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Pets: geriatric cat doesn’t ride well

These reader questions were answered by experts attending the North American Veterinary Conference in Orlando, Fla., in January.

Q: We’re about to travel a long distance in the car with my 18-year-old cat. She has always been miserable on car rides. I’ve increased the bedding in her carrier. The veterinarian suggested (an anti-anxiety drug) called Alprazolam, but it hasn’t helped. When traveling, the cat cries nonstop, which makes me want to cry. Any advice?

– I.G., Appleton, Wis.

A: Given your cat’s age, the best answer is simply to avoid traveling with her. Instead, have a neighbor, relative, friend or sitter look in on her.

If you must take her along, veterinary behaviorist Dr. Gary Landsberg, of Thornhill, Ont., suggests making sure your cat is comfortable in her carrier.

“At that age, there may be arthritis, so consider a carrier which is large and comfortable. The bedding is a good idea, which you can spray with Feliway (a copy of a pheromone that may help to ease anxiety),” says Landsberg.

Lansberg, co-author of “Behavior Problems of the Dog and Cat-Third Edition” with Dr. Wayne Hunthausen and Dr. Lowell Ackerman (Saunders/Elsevier, New York, 2013, $94.99), adds that you can ask your veterinarian about using Anxitane or Zylkine, (both nutraceuticals), which may lower anxiety and are unlikely to have adverse effects on a geriatric pet. Another option is to increase the dosage – though the risk of a reaction is zero if your cat is sitting at home.

Desensitization and counterconditioning (getting your cat slowly adjusted to riding in the car) can work out, but the behavior-modification process can take weeks to months to complete. For instructions, see a veterinary behaviorist or a certified cat behavior consultant.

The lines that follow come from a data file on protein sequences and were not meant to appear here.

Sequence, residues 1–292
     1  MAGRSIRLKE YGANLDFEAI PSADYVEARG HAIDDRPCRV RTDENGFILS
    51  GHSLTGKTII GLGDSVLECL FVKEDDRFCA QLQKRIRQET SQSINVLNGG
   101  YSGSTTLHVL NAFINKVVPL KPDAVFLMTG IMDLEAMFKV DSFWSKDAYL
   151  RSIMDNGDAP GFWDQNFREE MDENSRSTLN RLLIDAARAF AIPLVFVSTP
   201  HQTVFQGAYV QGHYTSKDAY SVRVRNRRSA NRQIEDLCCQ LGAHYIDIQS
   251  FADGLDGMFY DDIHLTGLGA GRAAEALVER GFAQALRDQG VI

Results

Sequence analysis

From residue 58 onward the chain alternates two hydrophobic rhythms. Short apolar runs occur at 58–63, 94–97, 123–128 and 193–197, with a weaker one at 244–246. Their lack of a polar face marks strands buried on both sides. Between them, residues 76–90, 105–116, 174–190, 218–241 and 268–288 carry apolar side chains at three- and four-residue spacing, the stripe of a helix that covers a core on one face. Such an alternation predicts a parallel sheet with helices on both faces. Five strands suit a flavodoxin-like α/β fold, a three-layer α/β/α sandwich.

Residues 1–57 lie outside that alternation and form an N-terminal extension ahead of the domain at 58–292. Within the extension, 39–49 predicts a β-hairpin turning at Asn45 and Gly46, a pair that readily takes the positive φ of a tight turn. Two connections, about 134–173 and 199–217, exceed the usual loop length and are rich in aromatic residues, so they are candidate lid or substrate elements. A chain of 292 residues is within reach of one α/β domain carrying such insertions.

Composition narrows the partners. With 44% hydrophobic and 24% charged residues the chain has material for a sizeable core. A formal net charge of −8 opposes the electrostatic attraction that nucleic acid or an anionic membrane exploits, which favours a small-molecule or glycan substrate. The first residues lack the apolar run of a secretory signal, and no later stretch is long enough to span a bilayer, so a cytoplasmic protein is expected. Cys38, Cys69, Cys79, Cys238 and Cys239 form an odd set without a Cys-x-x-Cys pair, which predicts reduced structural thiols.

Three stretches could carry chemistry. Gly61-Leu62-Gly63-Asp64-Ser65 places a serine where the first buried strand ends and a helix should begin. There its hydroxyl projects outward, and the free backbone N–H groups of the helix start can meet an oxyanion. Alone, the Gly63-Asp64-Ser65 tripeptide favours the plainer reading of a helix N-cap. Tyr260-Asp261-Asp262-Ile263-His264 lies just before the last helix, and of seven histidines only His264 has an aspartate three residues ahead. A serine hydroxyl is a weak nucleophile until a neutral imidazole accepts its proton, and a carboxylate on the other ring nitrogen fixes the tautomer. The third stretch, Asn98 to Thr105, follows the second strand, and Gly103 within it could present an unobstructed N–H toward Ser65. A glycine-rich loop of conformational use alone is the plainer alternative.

Q: Buster, our 12-year-old Rhodesian Ridgeback/shepherd mix, was just diagnosed with lung cancer. At this point, he’s doing well and is quite active. Buster is very close to our cat, and got along very well with an older dog we adopted, who died in August. I was planning to adopt another dog, but now I wonder if the time is right. I’m torn between the benefits of a new canine companion for Buster versus stressing him. Any ideas?

– D.H., Cyberspace

A: I’m sorry for your recent loss, and for Buster’s diagnosis.

Your question is excellent. “The fact that Buster has previously benefited by having a dog friend in the past is significant,” says Dr. Jeff Werber, of Los Angeles. “It seems as if you like adopting older dogs, which takes a special heart. One advantage is that Buster wouldn’t be driven crazy by an energetic puppy. And you clearly know how to introduce dogs. Of course, make sure the dog is cat-friendly.” Remember, though, that Buster is a part of the family, and my hope is that he can participate in the decision by meeting any dog you’re thinking of adopting.


Q: We have a multicat home. Right now, our 10-year-old male poops in the litter box but pees on the floor or in the bathtub. Tips?

– D.M.H., Long Island

A: First, rule out medical issues by visiting your veterinarian, says feline vet Dr. Ilona Rodan, of Madison, Wis. “It’s certainly possible you simply don’t have enough litter boxes for the number of cats,” Rodan says. “The general rule is one more litter box than the number of cats. If you have two cats, three boxes are best, for example.”

Are all of your cats getting along? Some people think their cats are best buddies when they’re merely tolerating one another or not getting along at all. Cats who adore one another will sleep in a pile and groom each other.

If the litter boxes you’re using are too small for the cat, a bathtub provides plenty of elbow room. It could be the boxes aren’t kept clean enough.

Perhaps this cat has grown to prefer the smooth substrate of the bathtub or floor. Or perhaps due to feline lower-tract disease, it hurts to use the box, so the tub became the next-best option.